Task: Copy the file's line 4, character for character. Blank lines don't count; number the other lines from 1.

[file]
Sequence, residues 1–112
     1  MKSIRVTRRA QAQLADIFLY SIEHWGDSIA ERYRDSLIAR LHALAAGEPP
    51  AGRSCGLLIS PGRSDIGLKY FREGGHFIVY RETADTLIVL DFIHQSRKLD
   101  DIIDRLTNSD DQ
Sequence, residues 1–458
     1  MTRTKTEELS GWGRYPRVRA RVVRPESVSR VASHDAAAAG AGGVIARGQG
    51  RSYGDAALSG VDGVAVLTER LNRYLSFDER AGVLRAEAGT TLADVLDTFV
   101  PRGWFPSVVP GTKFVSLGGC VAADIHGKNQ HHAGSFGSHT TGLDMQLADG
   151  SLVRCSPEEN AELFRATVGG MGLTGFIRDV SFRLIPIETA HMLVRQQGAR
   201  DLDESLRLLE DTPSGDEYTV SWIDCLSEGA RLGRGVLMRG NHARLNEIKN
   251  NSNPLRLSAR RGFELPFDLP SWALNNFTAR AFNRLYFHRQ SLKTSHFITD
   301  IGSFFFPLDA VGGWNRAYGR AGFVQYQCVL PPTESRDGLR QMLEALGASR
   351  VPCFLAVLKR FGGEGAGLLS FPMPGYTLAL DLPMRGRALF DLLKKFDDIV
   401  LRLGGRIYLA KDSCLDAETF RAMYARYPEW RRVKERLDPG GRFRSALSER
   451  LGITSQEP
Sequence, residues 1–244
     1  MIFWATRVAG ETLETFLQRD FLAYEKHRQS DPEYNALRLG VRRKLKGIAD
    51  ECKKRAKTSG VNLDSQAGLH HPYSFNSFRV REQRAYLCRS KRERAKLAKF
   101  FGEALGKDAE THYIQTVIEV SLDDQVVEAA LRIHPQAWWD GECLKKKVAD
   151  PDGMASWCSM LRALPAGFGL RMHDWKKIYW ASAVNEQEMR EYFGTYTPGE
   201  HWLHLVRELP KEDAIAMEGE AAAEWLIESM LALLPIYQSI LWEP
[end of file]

   101  DIIDRLTNSD DQ